Yesterday I paid my taxes for the first time. Hurray for me!
I didn't really need to pay my taxes. My income last year hovered right at the poverty line, and I used most of it to pay for college tuition. Since I'm poor, I am a prime candidate for Not Having to Pay Taxes, but-- you know what? This is the first time in my life I've even earned money that is taxable! So for me it's kind of a thrill. I decided to pay taxes just for fun.
Okay, by "fun" I mean "a valuable and worthwhile experience that might aid in my maturation into adulthood." For some reason, that sounds like fun to me.
I'm making light of this because this month I've been drowning in bureaucratic forms. I'm renewing my passport, changing visa statuses, changing my registered place of residence, applying for a scholarship, applying for next semester at school, and two or three other things that are too boring to even write down. There have been a lot of forms. This month, a friend of mine read Dogen's Shobogenzo Zuimonki for the first time, and after reading it he asked me, “Dogen says we should avoid worldly affairs. What is the meaning of 'worldly affairs?'" My immediate thought was, “renewing my passport.”
However, an unfortunate fact about adult life is the ubiquitousness of paperwork and forms; my passport expires and I have to renew it. As an immigrant or student living in a foreign country, this is even more true, because your status has to be at all times registered and monitored by the government. When Dogen was in China, he was a foreigner too, and I doubt he was free from registration forms. He had to have his ordination status registered, and historians do know that he was so displeased with being placed at the bottom of the monastery hierarchy that he even petitioned the emperor to get his Japanese ordination status recognized. When he got back to Japan, he somehow fundraised enough money to build and construct Eihei-ji, so there must have been some organization and planning happening in his brain.
One of the things I was impressed to notice while serving as the assistant to two different Zen masters in Japan was that they were both absolute pros at bureaucratic forms. They were pros because they respected these forms. They did not fuck around with forms. There was not a single bone in their bodies that was like “I’m a Zen monk so SCREW IT! Ima toss this form and go to sit zazen all day!” All the monks in the monasteries needed to be registered; the head monk ceremonies needed to be documented the right way, and dues needed to be paid on time. Both of the abbots I assisted spent most if not all of their “spare” time filling out forms and writing letters.
I came to see that organization, paperwork, and bureaucratic hoops are a practice, too. This fall, when I went to ask Aoyama Roshi for a letter of recommendation for a scholarship, she did it immediately. She didn’t procrastinate. First, she took out a piece of scrap paper, and wrote a rough draft. Then she got out nicer paper, the thin, beautiful hand-made Japanese paper (because she can’t type), and wrote out the body of the letter with ink. When it was time to put her official stamp on it, she practiced stamping a few times on a separate sheet of paper. I watched her stamp the letter, and she took a full minute adjusting the paper, getting the angle just right, before she put her ink on it.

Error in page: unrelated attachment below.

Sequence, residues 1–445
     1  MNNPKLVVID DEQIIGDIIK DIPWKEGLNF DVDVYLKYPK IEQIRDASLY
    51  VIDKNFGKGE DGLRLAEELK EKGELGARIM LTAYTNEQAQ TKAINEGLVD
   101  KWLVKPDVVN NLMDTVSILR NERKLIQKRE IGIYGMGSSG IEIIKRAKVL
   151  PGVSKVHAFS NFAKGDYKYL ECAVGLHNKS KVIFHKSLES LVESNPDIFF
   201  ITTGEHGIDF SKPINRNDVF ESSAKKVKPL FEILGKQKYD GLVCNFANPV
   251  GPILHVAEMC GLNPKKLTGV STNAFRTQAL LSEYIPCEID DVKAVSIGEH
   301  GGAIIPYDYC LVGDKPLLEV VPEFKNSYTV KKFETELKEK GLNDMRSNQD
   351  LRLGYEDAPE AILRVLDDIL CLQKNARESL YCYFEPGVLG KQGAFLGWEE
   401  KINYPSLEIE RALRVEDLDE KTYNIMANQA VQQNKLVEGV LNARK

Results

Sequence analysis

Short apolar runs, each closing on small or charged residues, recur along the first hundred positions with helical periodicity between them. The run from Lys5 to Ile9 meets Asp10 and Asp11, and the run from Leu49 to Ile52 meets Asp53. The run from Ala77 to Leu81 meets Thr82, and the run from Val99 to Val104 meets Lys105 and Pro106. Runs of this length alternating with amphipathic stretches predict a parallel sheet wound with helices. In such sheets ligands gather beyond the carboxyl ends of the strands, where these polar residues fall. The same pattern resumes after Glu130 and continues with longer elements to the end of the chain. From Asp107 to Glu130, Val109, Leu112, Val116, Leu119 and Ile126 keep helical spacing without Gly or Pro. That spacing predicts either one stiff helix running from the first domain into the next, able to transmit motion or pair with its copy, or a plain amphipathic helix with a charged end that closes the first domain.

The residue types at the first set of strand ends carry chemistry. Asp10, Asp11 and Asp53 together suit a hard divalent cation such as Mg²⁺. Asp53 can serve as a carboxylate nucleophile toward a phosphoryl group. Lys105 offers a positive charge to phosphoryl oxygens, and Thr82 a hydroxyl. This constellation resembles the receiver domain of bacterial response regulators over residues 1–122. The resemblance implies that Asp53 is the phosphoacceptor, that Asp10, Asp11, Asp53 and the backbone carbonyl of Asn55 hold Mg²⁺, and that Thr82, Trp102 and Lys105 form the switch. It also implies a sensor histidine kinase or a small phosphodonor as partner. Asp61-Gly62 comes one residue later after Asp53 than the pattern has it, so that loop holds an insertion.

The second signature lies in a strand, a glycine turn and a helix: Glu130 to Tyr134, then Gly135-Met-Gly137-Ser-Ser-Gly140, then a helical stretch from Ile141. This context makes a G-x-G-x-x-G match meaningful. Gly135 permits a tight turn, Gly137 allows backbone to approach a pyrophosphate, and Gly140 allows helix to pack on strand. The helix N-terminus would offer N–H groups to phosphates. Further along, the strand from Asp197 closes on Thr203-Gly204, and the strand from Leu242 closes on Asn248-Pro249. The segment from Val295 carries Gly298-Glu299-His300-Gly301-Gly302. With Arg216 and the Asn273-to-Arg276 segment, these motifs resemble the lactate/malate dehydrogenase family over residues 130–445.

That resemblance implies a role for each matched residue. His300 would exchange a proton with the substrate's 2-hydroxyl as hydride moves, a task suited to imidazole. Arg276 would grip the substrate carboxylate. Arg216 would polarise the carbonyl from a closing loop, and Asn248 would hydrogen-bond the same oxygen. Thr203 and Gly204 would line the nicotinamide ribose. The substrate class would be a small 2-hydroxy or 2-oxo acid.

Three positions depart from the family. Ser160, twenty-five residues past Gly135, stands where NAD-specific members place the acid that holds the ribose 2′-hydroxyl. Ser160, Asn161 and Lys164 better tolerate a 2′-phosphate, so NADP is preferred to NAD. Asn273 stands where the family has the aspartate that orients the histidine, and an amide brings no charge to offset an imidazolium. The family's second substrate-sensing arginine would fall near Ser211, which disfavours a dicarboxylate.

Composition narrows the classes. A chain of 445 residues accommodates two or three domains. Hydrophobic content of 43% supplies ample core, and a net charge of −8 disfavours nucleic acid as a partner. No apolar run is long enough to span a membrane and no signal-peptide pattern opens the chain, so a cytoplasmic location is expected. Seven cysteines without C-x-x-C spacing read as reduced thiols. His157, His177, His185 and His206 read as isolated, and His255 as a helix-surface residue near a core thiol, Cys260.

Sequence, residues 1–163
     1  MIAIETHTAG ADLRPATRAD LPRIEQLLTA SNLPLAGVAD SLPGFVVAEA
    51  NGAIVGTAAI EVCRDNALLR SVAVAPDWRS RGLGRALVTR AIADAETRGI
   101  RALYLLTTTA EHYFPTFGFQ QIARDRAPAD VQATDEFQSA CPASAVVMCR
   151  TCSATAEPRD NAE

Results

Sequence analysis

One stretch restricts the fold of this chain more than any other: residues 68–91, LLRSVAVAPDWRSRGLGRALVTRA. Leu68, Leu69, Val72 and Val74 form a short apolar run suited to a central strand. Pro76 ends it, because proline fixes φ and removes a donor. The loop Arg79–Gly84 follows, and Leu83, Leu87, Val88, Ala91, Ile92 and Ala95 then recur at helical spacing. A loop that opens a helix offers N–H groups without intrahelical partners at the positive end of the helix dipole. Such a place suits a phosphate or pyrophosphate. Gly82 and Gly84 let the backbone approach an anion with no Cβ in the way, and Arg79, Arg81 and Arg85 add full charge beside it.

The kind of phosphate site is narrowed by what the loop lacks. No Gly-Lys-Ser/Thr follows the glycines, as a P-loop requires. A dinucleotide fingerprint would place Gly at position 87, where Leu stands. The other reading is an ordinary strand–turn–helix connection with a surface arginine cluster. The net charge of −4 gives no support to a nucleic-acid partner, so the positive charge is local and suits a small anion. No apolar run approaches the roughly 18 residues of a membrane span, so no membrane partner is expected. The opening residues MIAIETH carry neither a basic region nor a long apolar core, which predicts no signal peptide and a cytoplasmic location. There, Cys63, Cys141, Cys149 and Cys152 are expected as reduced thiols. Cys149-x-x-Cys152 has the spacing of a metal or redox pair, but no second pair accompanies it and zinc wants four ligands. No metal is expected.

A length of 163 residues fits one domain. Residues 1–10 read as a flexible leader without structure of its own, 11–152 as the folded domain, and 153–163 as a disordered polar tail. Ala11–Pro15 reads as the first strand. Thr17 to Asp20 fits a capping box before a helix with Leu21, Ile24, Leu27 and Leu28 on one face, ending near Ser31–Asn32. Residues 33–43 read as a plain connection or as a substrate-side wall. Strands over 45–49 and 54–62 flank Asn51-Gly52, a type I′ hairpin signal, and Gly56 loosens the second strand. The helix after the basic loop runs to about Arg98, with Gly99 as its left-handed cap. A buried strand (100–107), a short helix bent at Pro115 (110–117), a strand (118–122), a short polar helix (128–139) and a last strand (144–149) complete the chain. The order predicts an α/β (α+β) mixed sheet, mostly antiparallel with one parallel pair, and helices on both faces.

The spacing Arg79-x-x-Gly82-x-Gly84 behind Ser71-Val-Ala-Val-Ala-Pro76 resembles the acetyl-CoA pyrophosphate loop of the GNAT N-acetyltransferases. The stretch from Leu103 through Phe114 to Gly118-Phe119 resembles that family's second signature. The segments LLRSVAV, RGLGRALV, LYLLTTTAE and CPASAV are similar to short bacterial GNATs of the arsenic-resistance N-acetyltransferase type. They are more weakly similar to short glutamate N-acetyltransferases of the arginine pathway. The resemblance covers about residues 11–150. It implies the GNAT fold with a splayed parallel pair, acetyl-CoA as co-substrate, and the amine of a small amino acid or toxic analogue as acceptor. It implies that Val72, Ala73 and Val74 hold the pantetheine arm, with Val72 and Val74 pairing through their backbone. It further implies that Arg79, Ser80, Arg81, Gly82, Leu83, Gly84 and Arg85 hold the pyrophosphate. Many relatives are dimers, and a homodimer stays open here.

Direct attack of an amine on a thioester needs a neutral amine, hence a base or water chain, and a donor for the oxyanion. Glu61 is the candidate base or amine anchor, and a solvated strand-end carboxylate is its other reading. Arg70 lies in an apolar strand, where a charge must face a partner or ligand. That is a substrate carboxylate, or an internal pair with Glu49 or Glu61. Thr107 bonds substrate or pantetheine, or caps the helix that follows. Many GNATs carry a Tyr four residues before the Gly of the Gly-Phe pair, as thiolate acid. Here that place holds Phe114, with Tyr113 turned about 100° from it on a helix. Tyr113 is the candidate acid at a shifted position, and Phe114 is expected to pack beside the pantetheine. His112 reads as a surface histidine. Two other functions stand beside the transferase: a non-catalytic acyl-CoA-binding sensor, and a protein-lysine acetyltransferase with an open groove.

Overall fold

That form was a work of art. It wasn't just a hassle to get out of the way. It was her work, and her art, because that's what was in front of her.
One of the reasons I left the monastery was because I began to suspect that there was a way in which I couldn’t become a full adult while living there. I never really had to make any decisions for myself; as long as I followed the schedule, I was given three meals a day and a place to sleep. I know “being an adult” must mean more than making money and paying taxes— there’s also something about being humble, knowing how to apologize, not blaming other people for your problems, and a lot of other emotional maturity stuff I haven’t worked out yet— but money and responsibility is a big part, too. I wanted the experience of taking care of myself, without relying on my teacher, my parents, or even my community to act as a safety net. So for the first time in my life I’m attempting financial independence, and I’m doing all this nasty paperwork by myself.
Honestly though, forms suck, and I hate them. I procrastinate and stress. The experience makes me want to run away to the mountains, wear paper clothing and eat only lotus leaves. In a few days I’m going to my monastery for a week. There’s nothing I want to do more at this point than shave off all my hair, put on some long, shapeless black clothing, and go to a place where I spend hours staring at a wall, where I’ll be so tired and overworked that I won’t be able to think, let alone angst or stress, about my grades and my visa status.
I hope one day for me, even forms and taxes can become an art and a spiritual practice. But that's not where I'm at. I still see the world in terms of "world renouncing" and "not," in terms of "worldly affairs" and "spiritual practice." I know this mentality isn't going to get me very far, because everywhere you go, there the bureaucratic forms are. I keep yearning for the monastery and I know this "monastery" is just an imaginary monastery I’ve invented, some ideal place of tranquility and peace that doesn’t actually exist in the real world. And yet even if that ideal place of Perfect Zen Peace and Enlightenment doesn’t exist, even if the grass is always greener on the other side of the fence, even if it’s bureaucratic forms and petty arguments all the way down, I can still dream.
Maybe I'm stupid and naive, but I still want unconditional freedom. I trust that yearning because it’s enduring, and it's the thing in me which feels the most true.